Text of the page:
*Update* February 3, 2011 – More information about the status of the wolf/dog/hybrid hit and killed in Woodstock, see George Smith’s website.
*Update* February 3, 2011, 4:45 p.m. – I received the below photograph this afternoon of the wolf/dog killed in Woodstock recently.
I have it from a very reliable source that last night along Route 26, south of the Bryant Pond village in Oxford County, that a very large dog-like animal was hit and killed by a vehicle traveling along the highway. State police responded to the kill of what is being described as a wolf, weighing well over 100 pounds.
My source tells me that a veteran hunter/trapper, also on the scene, felt strongly it was a wolf or wolf-hybrid with some age to it. It was reported to me that the animal’s teeth were quite worn and also had hair measuring 4-5 inches in length.
The only injuries that I am aware of from the incident was the death of the wolf.
I am hoping to perhaps get a picture and more information but often times these kinds of incidents have a way of mysteriously disappearing.
This incident comes at a time when Maine Senator Troy Jackson, representing Northern Aroostook County, is introducing a bill to reinstate snaring of coyotes. The bill, LD101 and titled, “An Act To Institute a Snaring Program for Coyotes“, is in “concept draft” stage and actual text of the bill is not yet available.
Snaring of coyotes was outlawed in Maine within critical Canada lynx habitat in 2003. Controversy has surrounded the application of an “Incidental Take Permit” which would allow for the incidental trapping of protected species. That permit has never been issued to the Maine Department of Inland Fisheries and Wildlife (MDIFW) and it still remains unclear as to the status of that application.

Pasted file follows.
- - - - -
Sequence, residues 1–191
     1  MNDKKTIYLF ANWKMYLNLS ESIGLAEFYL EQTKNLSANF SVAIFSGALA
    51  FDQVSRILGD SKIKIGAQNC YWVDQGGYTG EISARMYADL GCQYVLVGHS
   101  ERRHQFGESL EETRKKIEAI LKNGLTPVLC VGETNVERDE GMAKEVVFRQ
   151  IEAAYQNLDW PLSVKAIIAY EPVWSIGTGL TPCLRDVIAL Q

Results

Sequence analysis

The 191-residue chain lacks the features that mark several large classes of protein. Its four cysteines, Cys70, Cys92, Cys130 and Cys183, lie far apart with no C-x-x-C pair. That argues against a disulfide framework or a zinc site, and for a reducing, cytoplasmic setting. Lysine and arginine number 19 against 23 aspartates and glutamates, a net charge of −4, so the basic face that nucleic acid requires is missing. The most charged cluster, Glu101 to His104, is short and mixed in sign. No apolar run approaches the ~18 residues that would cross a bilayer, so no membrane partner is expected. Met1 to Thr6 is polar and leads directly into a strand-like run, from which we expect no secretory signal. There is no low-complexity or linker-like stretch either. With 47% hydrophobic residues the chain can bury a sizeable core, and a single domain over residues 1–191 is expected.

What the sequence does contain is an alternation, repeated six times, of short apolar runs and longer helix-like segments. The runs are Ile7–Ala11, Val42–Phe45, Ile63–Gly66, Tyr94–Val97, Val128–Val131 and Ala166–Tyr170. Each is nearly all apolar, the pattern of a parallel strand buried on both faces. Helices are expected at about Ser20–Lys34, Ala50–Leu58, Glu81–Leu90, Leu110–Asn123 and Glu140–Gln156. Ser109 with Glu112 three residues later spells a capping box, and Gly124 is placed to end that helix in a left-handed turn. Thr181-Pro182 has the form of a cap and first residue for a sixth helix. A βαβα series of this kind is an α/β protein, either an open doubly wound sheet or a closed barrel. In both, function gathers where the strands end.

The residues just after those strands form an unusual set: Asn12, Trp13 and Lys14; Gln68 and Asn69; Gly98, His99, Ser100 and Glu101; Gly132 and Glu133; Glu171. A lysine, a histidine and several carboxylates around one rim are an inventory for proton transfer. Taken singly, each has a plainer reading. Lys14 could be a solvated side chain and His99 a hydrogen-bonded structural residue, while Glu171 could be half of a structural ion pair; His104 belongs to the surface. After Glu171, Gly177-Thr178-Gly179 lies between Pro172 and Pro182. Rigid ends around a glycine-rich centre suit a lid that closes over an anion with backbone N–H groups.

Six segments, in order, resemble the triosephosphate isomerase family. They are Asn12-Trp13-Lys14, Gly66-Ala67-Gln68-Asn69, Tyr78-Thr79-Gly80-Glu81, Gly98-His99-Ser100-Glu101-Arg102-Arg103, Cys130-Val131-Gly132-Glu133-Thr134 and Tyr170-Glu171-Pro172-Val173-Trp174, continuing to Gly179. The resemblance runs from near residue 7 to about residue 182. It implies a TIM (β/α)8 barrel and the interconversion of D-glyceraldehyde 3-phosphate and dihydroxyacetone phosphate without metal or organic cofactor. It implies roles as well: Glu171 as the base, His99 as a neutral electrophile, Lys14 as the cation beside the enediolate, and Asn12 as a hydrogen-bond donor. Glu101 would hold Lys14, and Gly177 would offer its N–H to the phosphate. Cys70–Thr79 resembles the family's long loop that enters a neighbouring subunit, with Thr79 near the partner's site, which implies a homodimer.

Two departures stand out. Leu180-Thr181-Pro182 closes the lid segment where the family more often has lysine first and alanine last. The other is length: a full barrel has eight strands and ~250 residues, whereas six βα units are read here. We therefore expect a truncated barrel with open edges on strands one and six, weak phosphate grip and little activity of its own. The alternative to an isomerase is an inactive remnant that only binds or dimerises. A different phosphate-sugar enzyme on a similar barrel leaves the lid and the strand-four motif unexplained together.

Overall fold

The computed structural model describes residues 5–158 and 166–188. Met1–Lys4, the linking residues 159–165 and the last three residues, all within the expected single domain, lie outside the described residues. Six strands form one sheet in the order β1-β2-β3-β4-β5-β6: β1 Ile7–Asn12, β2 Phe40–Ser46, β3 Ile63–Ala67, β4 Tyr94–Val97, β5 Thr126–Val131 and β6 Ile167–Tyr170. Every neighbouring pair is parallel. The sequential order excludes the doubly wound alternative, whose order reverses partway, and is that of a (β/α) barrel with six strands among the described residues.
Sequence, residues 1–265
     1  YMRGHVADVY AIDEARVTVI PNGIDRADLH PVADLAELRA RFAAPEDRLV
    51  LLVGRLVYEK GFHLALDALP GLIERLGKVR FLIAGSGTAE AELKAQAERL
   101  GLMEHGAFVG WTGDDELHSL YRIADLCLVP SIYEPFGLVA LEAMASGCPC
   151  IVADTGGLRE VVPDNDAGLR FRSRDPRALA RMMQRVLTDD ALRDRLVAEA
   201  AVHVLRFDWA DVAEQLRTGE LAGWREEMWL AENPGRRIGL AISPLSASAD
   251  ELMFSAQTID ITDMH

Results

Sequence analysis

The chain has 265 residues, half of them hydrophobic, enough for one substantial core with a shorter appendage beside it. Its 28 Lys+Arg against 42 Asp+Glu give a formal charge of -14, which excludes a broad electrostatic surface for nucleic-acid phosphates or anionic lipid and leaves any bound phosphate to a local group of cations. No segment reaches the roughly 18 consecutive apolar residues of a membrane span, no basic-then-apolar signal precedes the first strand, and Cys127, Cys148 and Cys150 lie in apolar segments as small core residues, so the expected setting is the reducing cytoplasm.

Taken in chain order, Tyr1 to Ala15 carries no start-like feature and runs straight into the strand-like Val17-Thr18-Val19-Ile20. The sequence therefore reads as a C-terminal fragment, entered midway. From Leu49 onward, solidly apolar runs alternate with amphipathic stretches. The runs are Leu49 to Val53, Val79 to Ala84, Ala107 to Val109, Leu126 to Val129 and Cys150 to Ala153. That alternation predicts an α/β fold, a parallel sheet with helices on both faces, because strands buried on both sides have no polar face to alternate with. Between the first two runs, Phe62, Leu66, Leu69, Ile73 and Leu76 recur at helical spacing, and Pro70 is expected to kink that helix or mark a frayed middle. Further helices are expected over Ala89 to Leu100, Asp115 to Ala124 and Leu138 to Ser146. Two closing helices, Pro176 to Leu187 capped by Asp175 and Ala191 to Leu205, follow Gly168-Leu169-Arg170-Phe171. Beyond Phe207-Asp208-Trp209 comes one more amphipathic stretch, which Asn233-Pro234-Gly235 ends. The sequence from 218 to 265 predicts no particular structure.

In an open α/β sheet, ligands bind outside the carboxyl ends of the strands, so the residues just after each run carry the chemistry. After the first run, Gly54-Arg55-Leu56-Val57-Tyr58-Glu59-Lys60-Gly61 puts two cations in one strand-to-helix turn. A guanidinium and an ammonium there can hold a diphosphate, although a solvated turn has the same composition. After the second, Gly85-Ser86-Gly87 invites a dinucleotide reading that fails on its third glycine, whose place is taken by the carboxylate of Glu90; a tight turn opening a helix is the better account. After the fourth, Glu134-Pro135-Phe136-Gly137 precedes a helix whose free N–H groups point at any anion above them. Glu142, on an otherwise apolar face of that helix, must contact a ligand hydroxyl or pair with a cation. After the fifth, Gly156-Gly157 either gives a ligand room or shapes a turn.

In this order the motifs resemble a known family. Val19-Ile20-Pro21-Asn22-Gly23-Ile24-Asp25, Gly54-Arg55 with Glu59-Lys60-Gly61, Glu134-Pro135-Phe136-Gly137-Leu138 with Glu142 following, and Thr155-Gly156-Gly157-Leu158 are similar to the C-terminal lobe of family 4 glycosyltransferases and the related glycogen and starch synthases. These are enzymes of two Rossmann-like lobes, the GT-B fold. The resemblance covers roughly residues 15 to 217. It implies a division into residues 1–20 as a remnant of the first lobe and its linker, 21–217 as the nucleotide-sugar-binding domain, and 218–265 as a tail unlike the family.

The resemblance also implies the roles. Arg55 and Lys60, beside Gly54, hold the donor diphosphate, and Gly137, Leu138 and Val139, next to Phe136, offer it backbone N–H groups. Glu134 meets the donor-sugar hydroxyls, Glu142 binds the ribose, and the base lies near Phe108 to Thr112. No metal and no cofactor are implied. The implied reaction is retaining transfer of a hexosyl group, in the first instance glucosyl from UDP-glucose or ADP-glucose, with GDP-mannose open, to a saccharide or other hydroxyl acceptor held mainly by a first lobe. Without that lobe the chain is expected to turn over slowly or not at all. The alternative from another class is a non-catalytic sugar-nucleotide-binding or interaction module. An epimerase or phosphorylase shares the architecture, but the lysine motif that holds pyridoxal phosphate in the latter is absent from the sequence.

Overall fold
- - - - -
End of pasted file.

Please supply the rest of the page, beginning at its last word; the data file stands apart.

In the meantime, the Maine Wolf Coalition has posted up mostly inaccurate rhetoric about snaring, wolves, coyotes and science in opposition to the snaring bill proposal. Of interest is their claims that passage of a snaring bill in Maine would leave the wolf susceptible to being snared, claiming the wolf as an endangered species.
Officially there are no confirmed packs of wolves or more accurately no population of wolves living in Maine. Recently DNA testing showed that most coyotes in the Northeast are a coyote/wolf hybrid and that is most likely what mostly populates the Maine woods making it next to impossible to officially classify a sustained wolf population.
Contrary to what the Maine Wolf Coalition says, there exists strong scientific evidence that coyotes and coyote/wolf hybrids significantly affect the sustainability of many other wildlife species, not just deer. While that science exists, the MDIFW refuses to openly acknowledge it and is doing nothing to institute a necessary predator control program, other than to offer a hunting and trapping season for coyotes.
Reinstating a snaring program will once again bring back a very effective predator control program that was being used prior to the banning around deer wintering areas to limit the mortality of deer in those yards. In areas of Northern, Western and Downeast Maine, deer have reached non sustainable levels while predators such as coyotes/wolves, black bear and bobcats thrive.
Bringing back the program is a necessary management tool for Maine.